San Juan and Mine

An aerial view of the San Juan Generating Station and its associated San Juan Mine in 2012. 

A New Mexico university will receive millions of dollars from the U.S. Department of Energy to study the potential for long-term carbon sequestration in underground saline aquifers near the San Juan Generating Station.

DOE's cooperative funding agreement awards $17.5 million to the New Mexico Institute of Mining and Technology in Socorro for San Juan Basin CarbonSAFE Phase III, to be overseen by Robert Balch of New Mexico Tech's Petroleum Recovery Research Center.

The funds, which extend DOE's Office of Fossil Energy's Funding Opportunity Announcement 2058, will be used to explore the suitability of the area's subsurface geology for constructing a U.S. Environmental Protection Agency-certified Class VI well that would provide safe and secure carbon dioxide storage for 990 years. Past work and analysis performed by the university contributed to the application's success and "allowed the project to start at Phase III," Balch said in an April 27 news release. The project is one of five carbon capture, utilization and sequestration projects across the nation selected for funds as part of DOE's extension of FOA 2058.

Enchant Energy of Farmington, New Mexico, the company planning to retrofit the 847-MW coal-fired plant with CCUS technology after its current operator, Public Service Company of New Mexico, ceases operations there in 2022, will provide more than $1 million in in-kind and monetary support to the project. New Mexico Tech and Schlumberger, an international oil-field services company with operations in New Mexico's San Juan and Permian basins, will also provide more than $1 million toward project support, Balch said in a telephone interview. Numerous other participants are providing smaller sums, he said. The funds will be used to research a potential carbon reservoir in a saline aquifer located near the plant. Both Los Alamos and Sandia national laboratories will provide their expertise to the project.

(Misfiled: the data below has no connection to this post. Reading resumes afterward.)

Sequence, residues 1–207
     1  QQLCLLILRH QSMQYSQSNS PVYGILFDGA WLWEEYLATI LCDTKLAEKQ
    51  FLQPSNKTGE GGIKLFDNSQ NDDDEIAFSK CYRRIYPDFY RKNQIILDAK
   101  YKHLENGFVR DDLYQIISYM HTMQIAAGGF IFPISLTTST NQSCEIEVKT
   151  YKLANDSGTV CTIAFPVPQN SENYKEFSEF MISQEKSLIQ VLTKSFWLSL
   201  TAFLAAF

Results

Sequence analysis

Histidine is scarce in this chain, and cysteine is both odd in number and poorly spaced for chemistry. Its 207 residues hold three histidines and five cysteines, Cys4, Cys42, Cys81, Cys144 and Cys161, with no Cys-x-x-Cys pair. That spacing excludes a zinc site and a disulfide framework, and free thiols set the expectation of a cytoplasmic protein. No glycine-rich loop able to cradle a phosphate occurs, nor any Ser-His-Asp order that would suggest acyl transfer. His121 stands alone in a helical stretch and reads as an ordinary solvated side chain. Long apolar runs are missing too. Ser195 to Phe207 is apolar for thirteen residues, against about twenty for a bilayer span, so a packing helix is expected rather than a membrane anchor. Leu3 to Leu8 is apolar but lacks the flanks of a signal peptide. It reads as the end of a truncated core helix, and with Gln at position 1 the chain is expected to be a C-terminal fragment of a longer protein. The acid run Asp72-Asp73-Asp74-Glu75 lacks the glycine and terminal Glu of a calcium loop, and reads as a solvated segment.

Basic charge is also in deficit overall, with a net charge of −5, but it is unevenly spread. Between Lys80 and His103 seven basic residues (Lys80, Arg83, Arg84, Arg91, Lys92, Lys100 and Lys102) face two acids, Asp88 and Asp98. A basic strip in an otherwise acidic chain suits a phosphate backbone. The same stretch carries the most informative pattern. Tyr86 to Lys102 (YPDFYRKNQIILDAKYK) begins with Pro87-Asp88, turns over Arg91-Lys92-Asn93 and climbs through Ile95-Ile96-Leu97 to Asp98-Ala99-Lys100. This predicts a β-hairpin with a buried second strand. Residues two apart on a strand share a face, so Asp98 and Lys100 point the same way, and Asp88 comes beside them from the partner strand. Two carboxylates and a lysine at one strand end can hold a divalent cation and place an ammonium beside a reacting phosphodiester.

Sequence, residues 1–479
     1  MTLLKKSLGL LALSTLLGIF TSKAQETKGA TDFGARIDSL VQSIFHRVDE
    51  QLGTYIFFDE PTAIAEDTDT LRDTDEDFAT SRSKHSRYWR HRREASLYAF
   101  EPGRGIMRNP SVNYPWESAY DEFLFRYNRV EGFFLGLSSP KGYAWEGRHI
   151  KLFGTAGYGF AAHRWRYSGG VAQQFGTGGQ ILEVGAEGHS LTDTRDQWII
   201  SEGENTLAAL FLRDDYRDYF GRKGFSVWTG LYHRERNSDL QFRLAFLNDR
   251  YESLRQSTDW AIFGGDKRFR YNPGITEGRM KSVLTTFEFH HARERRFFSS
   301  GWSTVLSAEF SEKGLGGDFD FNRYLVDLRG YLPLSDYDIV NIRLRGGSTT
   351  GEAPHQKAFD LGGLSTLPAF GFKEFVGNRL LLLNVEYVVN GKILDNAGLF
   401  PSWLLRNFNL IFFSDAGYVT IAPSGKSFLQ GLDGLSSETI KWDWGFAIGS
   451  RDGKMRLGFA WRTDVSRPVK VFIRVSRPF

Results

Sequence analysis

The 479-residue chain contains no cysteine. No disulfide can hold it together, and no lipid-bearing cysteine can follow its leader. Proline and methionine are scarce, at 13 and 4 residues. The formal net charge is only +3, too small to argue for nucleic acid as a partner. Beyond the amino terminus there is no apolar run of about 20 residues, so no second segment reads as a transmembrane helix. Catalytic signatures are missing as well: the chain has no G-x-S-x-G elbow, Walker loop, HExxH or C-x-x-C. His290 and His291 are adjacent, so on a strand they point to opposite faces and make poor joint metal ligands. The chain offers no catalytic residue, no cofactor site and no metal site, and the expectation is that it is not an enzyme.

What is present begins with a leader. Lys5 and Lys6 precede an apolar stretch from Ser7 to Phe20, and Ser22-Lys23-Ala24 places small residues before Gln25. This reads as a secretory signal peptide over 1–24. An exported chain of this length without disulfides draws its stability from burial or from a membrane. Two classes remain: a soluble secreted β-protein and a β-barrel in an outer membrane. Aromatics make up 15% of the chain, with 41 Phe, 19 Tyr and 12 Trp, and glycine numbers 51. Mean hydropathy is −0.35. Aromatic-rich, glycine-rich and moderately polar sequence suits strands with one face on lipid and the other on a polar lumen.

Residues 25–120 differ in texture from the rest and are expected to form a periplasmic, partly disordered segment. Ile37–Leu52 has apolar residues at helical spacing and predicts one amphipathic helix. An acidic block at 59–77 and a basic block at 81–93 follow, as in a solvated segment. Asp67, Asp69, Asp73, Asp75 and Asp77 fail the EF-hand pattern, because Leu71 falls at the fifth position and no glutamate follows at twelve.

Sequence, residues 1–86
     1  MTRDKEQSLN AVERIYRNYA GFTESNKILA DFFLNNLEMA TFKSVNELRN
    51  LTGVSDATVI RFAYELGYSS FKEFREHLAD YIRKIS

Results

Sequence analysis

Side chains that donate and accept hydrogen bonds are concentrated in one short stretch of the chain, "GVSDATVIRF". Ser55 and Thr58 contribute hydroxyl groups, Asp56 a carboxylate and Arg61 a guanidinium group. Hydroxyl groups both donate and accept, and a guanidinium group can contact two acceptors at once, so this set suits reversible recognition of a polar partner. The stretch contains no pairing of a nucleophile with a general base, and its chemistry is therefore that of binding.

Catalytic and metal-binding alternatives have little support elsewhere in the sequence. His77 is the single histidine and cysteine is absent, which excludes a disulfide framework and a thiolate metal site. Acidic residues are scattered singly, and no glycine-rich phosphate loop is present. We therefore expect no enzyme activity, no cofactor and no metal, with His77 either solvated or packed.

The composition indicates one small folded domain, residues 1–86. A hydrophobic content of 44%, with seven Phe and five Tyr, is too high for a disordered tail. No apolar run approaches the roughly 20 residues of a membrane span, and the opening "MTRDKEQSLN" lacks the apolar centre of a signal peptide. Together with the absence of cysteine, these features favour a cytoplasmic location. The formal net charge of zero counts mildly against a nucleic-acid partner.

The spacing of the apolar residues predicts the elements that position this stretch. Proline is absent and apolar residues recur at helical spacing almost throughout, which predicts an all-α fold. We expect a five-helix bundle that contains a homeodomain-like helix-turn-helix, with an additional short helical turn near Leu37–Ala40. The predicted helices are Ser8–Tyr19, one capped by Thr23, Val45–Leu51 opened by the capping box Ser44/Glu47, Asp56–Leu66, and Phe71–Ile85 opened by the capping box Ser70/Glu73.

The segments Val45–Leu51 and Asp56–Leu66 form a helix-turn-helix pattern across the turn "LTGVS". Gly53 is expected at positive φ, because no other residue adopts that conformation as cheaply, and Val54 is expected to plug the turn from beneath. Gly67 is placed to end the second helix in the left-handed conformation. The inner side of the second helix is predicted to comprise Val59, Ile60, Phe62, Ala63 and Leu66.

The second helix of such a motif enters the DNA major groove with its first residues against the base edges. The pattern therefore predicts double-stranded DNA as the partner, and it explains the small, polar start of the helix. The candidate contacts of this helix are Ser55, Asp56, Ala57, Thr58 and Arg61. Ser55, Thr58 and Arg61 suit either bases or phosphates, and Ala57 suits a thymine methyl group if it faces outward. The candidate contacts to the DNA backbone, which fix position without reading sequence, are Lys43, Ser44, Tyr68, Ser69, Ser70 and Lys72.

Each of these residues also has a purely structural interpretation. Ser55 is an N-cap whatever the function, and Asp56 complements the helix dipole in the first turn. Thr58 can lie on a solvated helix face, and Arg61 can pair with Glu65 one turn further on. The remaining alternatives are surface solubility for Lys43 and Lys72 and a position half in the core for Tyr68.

The goal of the project is to determine whether permanent geologic sequestration of CO2 gas in saline aquifers near the plant is feasible, Peter Mandelstam, chief operating officer for Enchant, said in a telephone interview. The aquifers under consideration contain water with such a high saline content that it is not useful for other purposes, Balch explained on the same call. Aquifers with a measure less than 10,000 total dissolved solids must be protected as potential drinking-water sources, Balch said, but the average TDS of saline aquifers in the San Juan Basin is 30,000. The high saline content in the water will also serve to dissolve the injected CO2 gas, Balch explained.

Research and analysis on a test well planned for April 2021 will determine whether the permeability of the rock, the absorbability of the saline water, and the impermeability of the capstone indicate potential for Class VI certification of a commercial well. The data and analyses from CarbonSAFE III will be used to prepare and submit a permit application to EPA to construct a CO2-injection well that would allow for geologic sequestration of 50 million metric tons of CO2 from the plant. Mandelstam and Balch said successful results would lead to the construction of wells sufficient to hold all the CO2 captured from a retrofitted San Juan plant during the 12-year period of federal 45Q tax credits, the foundation of Enchant's business plan (see CEM No. 1585).